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What's the origin of the common phrase "I call shenanigans"? Note that I'm not so much looking for the origin of shenanigans itself, which I expect could easily be found in the OED or something, but when the entire phrase took on a life of its own as an independent construction. Who coined it? When was it first attested? Did anyone make it particular popular?

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3 Answers 3

up vote 13 down vote accepted

I've got a use of "call shenanigans" that dates to 1998, and I strongly suspect that, even if it isn't the earliest use, it's the source of the phrase's popularity over the last decade or so.

In "Cow Days," the thirteenth episode of the second season of South Park, the boys are at a carnival playing games which they come to suspect are rigged. Kyle calls shenanigans, which brings Officer Barbrady to investigate. However, the carny allows the boys to win the game when the officer is present, and Kyle retracts his call of shenanigans.

Later in the episode, the boys discover that the prizes they were trying to win are in fact cheap knock-offs, and Kyle formally reinstates his claim of shenanigans. The claim is upheld this time by Officer Barbrady, which gives the townspeople free rein to destroy the carnival with brooms.

Again, this may not be the very first use of the term, but you asked whether anyone had made it particularly popular, and I think this is what did it. I saw the episode when it was new, and I remember quite distinctly thinking that I'd never heard the word shenanigans used that way before—but within days of the airing of that episode, several of my friends were calling shenanigans every chance they got.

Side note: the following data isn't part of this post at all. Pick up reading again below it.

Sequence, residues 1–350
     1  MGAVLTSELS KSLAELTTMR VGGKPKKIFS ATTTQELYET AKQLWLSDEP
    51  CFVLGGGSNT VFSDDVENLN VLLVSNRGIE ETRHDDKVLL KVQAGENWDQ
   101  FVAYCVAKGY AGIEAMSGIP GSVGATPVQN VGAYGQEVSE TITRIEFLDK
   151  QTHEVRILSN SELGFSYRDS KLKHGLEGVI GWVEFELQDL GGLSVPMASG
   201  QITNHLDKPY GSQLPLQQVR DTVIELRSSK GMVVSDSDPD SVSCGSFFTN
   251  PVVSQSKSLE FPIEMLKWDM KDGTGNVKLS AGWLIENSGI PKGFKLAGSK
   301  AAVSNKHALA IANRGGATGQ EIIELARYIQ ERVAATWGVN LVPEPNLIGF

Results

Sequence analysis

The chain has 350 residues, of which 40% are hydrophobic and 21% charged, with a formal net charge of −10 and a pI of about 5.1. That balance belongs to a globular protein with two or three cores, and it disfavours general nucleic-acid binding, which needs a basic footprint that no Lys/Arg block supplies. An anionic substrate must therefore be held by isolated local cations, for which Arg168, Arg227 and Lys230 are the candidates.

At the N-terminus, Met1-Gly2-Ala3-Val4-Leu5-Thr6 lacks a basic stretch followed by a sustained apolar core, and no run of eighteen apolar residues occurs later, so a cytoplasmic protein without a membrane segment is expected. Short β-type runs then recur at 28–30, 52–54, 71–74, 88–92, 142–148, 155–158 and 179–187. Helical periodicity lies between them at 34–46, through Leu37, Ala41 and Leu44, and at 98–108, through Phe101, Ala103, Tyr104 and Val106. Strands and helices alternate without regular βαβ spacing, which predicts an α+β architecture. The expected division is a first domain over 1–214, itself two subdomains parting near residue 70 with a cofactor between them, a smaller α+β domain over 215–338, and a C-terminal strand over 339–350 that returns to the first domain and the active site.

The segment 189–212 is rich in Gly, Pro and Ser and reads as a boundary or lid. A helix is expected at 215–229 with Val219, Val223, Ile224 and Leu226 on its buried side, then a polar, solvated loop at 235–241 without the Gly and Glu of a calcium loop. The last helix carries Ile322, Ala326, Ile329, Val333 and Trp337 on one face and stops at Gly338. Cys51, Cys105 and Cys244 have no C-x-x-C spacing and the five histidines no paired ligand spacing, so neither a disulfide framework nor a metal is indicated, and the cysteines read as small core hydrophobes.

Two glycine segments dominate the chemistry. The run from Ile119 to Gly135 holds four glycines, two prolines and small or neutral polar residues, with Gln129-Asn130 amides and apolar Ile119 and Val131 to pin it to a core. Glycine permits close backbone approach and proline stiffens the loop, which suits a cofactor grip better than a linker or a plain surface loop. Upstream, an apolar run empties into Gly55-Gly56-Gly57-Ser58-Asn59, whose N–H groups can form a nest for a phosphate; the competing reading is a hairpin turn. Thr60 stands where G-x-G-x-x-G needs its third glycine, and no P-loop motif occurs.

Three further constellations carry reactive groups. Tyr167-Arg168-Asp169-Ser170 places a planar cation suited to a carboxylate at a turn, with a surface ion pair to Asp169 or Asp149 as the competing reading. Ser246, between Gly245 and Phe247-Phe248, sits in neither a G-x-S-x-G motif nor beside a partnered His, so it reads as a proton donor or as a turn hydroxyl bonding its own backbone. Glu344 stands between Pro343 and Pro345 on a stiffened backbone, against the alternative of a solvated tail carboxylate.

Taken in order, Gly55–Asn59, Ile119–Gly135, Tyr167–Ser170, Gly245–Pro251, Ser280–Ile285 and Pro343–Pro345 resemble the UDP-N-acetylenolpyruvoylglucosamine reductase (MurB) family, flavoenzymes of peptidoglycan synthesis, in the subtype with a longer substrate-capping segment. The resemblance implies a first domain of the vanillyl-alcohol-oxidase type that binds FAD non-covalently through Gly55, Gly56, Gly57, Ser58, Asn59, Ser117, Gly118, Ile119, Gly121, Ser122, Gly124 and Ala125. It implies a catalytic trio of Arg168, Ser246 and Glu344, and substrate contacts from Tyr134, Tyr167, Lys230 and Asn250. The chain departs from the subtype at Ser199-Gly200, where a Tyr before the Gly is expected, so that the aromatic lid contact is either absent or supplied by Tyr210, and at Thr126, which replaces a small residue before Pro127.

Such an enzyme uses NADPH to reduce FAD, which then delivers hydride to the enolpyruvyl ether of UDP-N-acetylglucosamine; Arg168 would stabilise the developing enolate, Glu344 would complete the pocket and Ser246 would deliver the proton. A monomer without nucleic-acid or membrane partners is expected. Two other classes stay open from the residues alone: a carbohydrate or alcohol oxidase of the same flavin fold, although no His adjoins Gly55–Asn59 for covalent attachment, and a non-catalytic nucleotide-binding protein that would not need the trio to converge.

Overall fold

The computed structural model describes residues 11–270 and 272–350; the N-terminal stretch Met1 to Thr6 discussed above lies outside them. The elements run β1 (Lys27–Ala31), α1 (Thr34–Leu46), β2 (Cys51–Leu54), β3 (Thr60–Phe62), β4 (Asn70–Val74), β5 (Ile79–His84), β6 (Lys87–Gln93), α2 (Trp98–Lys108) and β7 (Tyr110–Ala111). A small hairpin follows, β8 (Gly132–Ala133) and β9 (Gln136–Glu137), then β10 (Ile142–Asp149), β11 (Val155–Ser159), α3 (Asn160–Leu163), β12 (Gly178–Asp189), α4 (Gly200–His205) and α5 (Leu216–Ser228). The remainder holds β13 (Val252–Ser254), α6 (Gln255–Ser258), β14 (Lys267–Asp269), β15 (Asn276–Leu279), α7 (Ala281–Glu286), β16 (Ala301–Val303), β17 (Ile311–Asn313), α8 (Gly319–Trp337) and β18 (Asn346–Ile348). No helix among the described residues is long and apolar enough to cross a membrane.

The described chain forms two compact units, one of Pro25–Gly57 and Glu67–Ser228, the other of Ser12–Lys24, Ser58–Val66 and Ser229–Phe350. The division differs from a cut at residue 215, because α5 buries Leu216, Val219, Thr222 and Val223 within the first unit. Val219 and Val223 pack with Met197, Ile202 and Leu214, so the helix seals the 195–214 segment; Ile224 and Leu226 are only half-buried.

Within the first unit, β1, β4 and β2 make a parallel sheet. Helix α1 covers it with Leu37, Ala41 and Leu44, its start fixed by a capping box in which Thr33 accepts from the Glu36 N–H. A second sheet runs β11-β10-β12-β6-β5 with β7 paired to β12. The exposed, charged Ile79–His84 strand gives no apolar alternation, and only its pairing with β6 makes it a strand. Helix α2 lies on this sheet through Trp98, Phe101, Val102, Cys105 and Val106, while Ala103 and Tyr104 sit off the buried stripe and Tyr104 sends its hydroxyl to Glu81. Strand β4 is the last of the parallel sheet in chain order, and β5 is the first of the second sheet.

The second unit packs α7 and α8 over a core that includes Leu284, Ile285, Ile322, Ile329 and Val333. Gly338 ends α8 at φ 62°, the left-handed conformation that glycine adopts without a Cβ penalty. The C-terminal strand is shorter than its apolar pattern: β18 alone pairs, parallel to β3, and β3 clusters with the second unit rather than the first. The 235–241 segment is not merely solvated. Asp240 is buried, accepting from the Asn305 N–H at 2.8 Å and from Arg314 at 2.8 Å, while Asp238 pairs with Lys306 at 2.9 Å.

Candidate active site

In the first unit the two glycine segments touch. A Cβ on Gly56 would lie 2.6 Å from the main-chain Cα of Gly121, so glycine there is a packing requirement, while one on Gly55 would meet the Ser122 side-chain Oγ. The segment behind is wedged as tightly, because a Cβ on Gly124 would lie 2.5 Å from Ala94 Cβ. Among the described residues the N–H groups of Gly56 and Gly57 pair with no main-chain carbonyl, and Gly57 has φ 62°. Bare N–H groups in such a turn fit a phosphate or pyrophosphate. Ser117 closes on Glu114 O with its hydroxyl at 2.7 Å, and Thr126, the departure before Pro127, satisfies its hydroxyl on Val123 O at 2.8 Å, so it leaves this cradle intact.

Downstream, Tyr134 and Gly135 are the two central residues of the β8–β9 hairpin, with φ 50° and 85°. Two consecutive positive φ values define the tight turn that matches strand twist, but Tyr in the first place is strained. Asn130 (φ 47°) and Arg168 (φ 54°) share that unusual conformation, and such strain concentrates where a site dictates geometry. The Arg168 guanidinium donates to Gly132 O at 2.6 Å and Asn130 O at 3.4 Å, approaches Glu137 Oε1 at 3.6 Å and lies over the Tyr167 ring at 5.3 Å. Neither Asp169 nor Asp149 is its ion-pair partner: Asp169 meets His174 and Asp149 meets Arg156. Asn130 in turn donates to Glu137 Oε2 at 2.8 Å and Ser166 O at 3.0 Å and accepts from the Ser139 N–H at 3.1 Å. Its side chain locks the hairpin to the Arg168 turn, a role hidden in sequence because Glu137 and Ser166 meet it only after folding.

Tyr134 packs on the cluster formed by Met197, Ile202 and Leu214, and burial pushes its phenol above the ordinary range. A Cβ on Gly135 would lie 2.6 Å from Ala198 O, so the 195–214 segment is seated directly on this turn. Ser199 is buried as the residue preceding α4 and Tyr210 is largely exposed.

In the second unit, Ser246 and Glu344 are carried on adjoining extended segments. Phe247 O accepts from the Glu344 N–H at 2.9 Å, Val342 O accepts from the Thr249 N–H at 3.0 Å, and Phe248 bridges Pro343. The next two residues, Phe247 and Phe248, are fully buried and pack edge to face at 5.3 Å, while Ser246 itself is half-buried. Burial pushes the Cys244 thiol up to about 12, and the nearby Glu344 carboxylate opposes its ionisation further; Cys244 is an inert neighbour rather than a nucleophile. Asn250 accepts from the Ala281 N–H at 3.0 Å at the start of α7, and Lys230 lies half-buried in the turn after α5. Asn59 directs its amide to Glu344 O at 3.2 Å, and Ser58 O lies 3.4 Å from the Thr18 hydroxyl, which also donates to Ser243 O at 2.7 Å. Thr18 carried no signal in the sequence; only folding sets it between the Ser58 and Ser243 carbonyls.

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I suspect "call shenanigans" is just a quirky variant of cry foul. Whether it "existed" before the South Park usage may be somewhat irrelevant, since that would almost certainly be where it started to gain traction. –  FumbleFingers Nov 5 '12 at 18:54
    
This should mention that "Cow Days" was 1998 (and thus before the citation from 2000), but I couldn't find a graceful way to edit it in. –  starwed Dec 31 '13 at 20:14

I can't find a use of "call [or declare or claim] shenanigans" earlier than 2002 , but in the March 1990 issue of Spin magazine, Julian Dibbell wrote (emphasis added):

And why wouldn't the media call bullshit on corporate claims of huge losses to the computer underground?

Sometime in the 90s, apparently, someone substituted a harmless word and the rest is forgotten history...

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I believe there's a connection to the card game politely known as "I doubt it". –  David Schwartz Aug 23 '11 at 11:07
    
@DavidSchwartz; more probably Liar Dice, but I love the idea of Who's for a game of 'I doubt it'? –  TimLymington Nov 5 '12 at 18:37
    
I think "call bullshit" is probably just an Americanisation of British "cry foul", as commented under Nicholas's answer. –  FumbleFingers Nov 5 '12 at 18:56
    
@FumbleFingers - I don't think so; they mean slighly different things. –  T.E.D. May 13 '13 at 19:00
    
@T.E.D.: Well, you've put that out there. What do you think the different meanings are? –  FumbleFingers May 13 '13 at 20:34

The earliest citation from a quick Lexis-Nexis search reveals this one from the 4 Feb 2000 edition of the Lincoln Journal Star:

"I call this shenanigans," Sen. Ed Schrock of Elm Creek said of the opponents' amendment to LB701.

I realize that you're looking for the specific phrase "I call shenanigans", but if you relax your criteria somewhat, you can go back even further. For example, according to an anthology of Mark Twain's letters published in 1920, he once wrote:

Consider them all..guilty (of ‘shenanigan’) until they are proved innocent.

Which is a somewhat more verbose way of calling shenanigans.

And even further back, the San Francisco daily newspaper Spirit of Age wrote the following in their 30 April 1856 issue:

These facts indicate that there is some shenanegan [sic] going on.

As with almost every turn of phrase, the spoken origins probably far predate anything written.

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protected by RegDwigнt Nov 10 '12 at 13:25

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